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The Congress

"The Congress" is a roll call of the orgiastic pleasures and bountiful comforts that art provides, and, a reminder of what waits for us when…

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As Above, So Below

It's that rare found-footage film with a strong premise, a memorably eccentric style, and plenty of energy to burn. It's also poorly conceived, and hard…

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Ballad of Narayama

"The Ballad of Narayama" is a Japanese film of great beauty and elegant artifice, telling a story of startling cruelty. What a space it opens…

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Monsieur Hire

Patrice Leconte's "Monsieur Hire" is a tragedy about loneliness and erotomania, told about two solitary people who have nothing else in common. It involves a…

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* This filmography is not intended to be a comprehensive list of this artist’s work. Instead it reflects the films this person has been involved with that have been reviewed on this site.

#137 October 10, 2012

Marie writes: I may have been born in Canada, but I grew-up watching Sesame Street and Big Bird, too. Together, they encouraged me to learn new things; and why now I can partly explain string theory.That being the case, I was extremely displeased to hear that were it up Romney, as President he wouldn't continue to support PBS. And because I'm not American and can't vote in their elections, I did the only thing I could: I immediately reached for Photoshop....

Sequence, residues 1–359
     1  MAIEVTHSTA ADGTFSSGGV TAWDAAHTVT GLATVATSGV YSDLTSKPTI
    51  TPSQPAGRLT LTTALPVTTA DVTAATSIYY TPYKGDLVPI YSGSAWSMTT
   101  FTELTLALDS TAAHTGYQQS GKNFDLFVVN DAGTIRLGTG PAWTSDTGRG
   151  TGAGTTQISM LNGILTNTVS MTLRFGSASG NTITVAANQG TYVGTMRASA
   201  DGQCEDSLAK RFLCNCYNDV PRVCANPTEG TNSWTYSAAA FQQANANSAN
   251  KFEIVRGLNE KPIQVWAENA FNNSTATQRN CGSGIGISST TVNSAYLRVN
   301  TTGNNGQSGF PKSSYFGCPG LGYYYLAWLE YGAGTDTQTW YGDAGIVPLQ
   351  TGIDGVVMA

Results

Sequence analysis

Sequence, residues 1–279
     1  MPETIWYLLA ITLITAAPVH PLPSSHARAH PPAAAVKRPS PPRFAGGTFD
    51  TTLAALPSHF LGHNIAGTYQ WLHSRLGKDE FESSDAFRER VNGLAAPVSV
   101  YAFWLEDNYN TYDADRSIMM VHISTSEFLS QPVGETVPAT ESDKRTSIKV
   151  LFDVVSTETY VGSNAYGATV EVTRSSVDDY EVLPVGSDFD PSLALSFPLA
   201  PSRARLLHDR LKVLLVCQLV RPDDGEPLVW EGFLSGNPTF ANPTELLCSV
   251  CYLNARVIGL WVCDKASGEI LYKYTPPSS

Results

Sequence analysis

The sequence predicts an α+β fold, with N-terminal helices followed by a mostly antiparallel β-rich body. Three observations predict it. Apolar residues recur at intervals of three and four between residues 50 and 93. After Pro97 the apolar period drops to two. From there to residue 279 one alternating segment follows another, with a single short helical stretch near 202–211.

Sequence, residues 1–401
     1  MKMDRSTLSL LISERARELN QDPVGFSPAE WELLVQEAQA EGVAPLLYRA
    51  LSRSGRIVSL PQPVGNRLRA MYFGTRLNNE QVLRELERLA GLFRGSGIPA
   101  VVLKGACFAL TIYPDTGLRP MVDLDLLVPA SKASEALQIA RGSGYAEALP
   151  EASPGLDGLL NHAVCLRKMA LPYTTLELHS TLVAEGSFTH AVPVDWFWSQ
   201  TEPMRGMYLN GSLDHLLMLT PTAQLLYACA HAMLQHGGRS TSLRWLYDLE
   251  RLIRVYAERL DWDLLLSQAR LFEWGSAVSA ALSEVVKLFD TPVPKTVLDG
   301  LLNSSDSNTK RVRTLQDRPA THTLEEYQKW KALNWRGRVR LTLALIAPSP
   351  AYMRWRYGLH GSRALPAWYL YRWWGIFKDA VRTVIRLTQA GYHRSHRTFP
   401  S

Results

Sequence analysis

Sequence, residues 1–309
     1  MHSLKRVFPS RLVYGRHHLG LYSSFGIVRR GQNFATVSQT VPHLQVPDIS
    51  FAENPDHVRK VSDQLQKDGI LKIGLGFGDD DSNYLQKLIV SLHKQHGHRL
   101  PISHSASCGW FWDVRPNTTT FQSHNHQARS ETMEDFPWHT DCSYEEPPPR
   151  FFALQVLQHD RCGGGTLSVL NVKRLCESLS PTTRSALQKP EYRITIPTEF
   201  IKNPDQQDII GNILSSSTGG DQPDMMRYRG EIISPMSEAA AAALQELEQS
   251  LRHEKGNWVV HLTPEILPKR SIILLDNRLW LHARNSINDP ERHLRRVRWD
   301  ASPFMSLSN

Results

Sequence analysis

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#93 December 14, 2012

Marie writes: If you're like me, you enjoy the convenience of email while lamenting the lost romance of ink and pen on paper. For while it's possible to attach a drawing, it's not the same thing as receiving hand-drawn artwork in the mail. Especially when it's from Edward Gorey..."Edward Gorey and Peter Neumeyer met in the summer of 1968. Gorey had been contracted by Addison-Wesley to illustrate "Donald and the...", a children's story written by Neumeyer. On their first encounter, Neumeyer managed to dislocate Gorey's shoulder when he grabbed his arm to keep him from falling into the ocean. In a hospital waiting room, they pored over Gorey's drawings for the first time together, and Gorey infused the situation with much hilarity. This was the beginning of an invigorating friendship, fueled by a wealth of letters and postcards that sped between the two men through the fall of 1969."

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#36 November 10, 2010

Actress Jill Clayburgh, whose portrayal of women in the 1970s helped define and and reshape the role of leading lady, died last week of chronic lymphocytic leukemia at her home in Lakeville, Connecticut; she was 66. She's best known for her Academy Award nominated roles in "An Unmarried Woman" (Winner: Best Actress Cannes 1978) and "Starting Over." Roger has remembered her on his site: Jill Clayburgh: In Memory.

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Movie Answer Man (03/12/2000)

Q. Here's an idea for the Oscar show presentation of "Blame Canada" that I only hope the Zanucks will attempt to realize. It could be the best "song" number since Isaac Hayes performed "Shaft!" It should begin with a solo by Anne Murray, who is joined, as the song builds, by other Canadian warblers, one by one: Bryan Adams, Celine Dion, Gordon Lightfoot, and so on, until it reaches a Canadian crescendo. (Jim Emerson, Seattle, WA)

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Movie Answer Man (10/18/1998)

Q. A friend of mine reports a rumor regarding the upcoming "Psycho" remake. She says all the talk about a shot-for-shot remake is just a smoke screen. What Gus Van Sant actually plans to do is copy only the first half of the movie, lure the audience into thinking they're getting a straight remake, and then go off in a completely different direction. I was dubious until she pointed out that's exactly what Hitchcock did with "Psycho," where he suddenly kills off the main character. What do you think? Is there still hope? (Eric Brochu, Regina, Sas.)

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